Review: Rojo (2018)

Rojo (2018)

Directed by: Benjamin Naishtat | 109 minutes | drama | Actors: Claudio Martínez Bel, Mara Orderli, Alfredo Castro, Rudy Chernicoff, Diego Cremonesi, Rafael Federman, Andrea Frigerio, Darío Grandinetti, Laura Grandinetti, Abel Ledesma, Raymond E. Lee, Susana Pampín, Fabiana Uria

Today is red. It is the end of 1975, we are on the eve of the military coup in Argentina. General Jorge Videla will be named president, who would plunge the country into a violent military dictatorship for the next eight years, in which thousands of Argentines would disappear and millions of others would look the other way. But we haven’t met Commander-in-Chief Videla yet. In fact, we as viewers don’t know anything about all this yet, and in the third film by the young director Benjamín Naishtat, we don’t exactly receive this information on a silver platter.

But what we don’t know, we do feel: something is threatening. There is something eerie, something violent in the air – despite the jovial seventies atmosphere. Main character Claudio, a successful lawyer and real Argentine family man, comes into contact with it in the very first scene – and turns out not to have clean hands himself. While Claudio is in a neighborhood restaurant waiting for his wife – who is always late – another man more or less forces him to give up his table. If there’s no food, he can’t afford to keep the table occupied for so long, the mustachioed stranger thinks. An extremely awkward scene – and a ‘humiliation for beginners’ lesson – later, the young man has erupted into a frenzy and kicked out of the restaurant. Claudio has not lost face for all his fellow villagers and when his wife finally arrives dinner can begin in peace.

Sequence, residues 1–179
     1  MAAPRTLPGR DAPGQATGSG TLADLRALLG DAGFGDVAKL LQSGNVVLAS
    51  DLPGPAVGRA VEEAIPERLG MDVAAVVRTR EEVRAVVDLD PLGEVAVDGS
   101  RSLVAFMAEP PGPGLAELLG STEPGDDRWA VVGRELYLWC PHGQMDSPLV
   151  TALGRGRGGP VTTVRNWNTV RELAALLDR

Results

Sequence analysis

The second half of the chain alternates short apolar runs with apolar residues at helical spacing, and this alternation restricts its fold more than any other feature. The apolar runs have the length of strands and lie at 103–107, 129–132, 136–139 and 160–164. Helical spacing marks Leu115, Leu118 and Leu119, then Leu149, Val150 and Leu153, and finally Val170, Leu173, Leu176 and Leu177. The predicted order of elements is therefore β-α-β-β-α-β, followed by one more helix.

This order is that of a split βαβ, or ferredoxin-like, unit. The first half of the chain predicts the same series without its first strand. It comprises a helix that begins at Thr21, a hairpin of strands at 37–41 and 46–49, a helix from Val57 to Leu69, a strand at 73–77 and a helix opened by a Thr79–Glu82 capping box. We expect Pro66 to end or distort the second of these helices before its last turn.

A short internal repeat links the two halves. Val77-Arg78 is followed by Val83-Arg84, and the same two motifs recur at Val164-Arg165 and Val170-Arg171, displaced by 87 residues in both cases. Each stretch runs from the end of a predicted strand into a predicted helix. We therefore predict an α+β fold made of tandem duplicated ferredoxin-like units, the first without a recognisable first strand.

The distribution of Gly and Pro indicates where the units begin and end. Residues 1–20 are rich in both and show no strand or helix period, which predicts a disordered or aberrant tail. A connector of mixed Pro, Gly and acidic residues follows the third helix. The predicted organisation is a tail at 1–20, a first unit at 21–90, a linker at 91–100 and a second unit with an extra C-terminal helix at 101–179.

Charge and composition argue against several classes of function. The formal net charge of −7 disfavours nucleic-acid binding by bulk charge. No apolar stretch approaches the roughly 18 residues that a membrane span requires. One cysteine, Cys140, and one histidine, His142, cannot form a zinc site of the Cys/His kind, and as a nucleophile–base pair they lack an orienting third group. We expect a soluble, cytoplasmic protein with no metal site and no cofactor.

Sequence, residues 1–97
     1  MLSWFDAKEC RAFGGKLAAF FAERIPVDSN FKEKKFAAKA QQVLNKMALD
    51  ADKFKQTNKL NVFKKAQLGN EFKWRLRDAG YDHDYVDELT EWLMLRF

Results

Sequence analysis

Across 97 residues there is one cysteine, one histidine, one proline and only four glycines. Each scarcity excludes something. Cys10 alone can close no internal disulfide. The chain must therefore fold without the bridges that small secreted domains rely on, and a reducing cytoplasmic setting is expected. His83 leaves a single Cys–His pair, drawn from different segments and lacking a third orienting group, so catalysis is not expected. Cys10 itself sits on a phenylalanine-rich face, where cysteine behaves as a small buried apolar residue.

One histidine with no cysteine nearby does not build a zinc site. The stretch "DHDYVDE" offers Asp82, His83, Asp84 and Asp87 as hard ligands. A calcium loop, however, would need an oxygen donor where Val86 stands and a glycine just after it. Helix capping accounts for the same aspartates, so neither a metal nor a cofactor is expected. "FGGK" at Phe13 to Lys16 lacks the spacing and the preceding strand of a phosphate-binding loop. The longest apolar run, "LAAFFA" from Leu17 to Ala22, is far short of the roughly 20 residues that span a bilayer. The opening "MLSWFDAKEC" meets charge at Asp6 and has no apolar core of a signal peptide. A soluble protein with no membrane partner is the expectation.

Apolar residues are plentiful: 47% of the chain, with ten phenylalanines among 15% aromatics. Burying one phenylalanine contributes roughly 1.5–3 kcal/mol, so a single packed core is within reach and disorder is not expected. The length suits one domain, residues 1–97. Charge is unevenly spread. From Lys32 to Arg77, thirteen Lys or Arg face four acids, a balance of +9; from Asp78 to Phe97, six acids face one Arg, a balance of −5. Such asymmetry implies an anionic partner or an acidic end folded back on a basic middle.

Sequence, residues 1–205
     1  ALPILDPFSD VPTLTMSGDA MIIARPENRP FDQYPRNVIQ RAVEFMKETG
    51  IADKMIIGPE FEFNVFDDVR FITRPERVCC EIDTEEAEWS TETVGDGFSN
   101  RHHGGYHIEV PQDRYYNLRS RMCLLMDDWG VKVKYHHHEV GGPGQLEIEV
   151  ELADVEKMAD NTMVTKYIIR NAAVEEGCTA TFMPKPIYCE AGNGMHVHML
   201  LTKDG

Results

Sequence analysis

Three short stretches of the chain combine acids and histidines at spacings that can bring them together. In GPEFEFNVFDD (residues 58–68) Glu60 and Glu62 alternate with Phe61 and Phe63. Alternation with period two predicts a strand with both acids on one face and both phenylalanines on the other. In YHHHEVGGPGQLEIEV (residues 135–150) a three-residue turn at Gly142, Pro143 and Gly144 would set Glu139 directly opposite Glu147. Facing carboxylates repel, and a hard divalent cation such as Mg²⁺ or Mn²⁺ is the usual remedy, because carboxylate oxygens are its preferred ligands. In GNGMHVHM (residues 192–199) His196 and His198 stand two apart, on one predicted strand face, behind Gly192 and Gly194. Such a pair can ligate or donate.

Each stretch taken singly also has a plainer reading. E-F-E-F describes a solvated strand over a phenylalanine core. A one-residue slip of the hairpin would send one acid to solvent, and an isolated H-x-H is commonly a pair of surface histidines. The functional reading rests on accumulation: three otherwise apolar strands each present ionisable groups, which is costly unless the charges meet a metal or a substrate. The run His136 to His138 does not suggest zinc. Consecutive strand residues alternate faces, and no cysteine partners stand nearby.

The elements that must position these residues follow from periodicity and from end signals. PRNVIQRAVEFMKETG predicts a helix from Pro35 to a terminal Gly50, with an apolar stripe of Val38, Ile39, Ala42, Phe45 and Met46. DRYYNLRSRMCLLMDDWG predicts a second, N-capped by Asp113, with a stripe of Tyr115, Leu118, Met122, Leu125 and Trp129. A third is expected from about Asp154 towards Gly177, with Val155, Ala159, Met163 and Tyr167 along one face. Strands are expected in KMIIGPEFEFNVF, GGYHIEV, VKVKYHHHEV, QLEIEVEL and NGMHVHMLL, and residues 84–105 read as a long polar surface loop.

This is just part one of the insane opening sequence of ‘Rojo’, which turns from bad to worse and forms the starting point for the rest of the story full of intrigue and secrets. The clever thing is that director Naishtat, who also wrote the screenplay himself, first lets the viewer catch his breath again, even makes them smile, as if it’s all okay. In doing so he confronts us directly with the human tendency to think that it will take our time, that the soup is really not eaten so hot when it is served. And to look the other way for the deeds of our fellow man, especially when they concern decent citizens like Claudio.

But events aren’t easy, and Claudio’s decisions are irreversible, as it turns out. Especially when an eccentric Chilean detective (played by Alfredo Castro, who we know from various roles in Pablo Larraín’s films) visits the village and does not want to leave Claudio alone.

In this morbid, at times absurdist thriller, director Naishtat has chosen not to hit the viewer with historical context – we have Google for that. However, he packed the film full of symbolism: everything is red, the blood on the walls of an ‘abandoned’ house colors beautifully with the bloody steaks that they love so much in the Argentinean countryside. The uneasy disappearing act of an androgynous magician represents all the disappearances that the ‘dirty war’ spawned, and the teenagers show how a spiral of violence begins at an early age. This combination means that some prior knowledge is recommended – and otherwise simply watching the film twice is certainly not a punishment.

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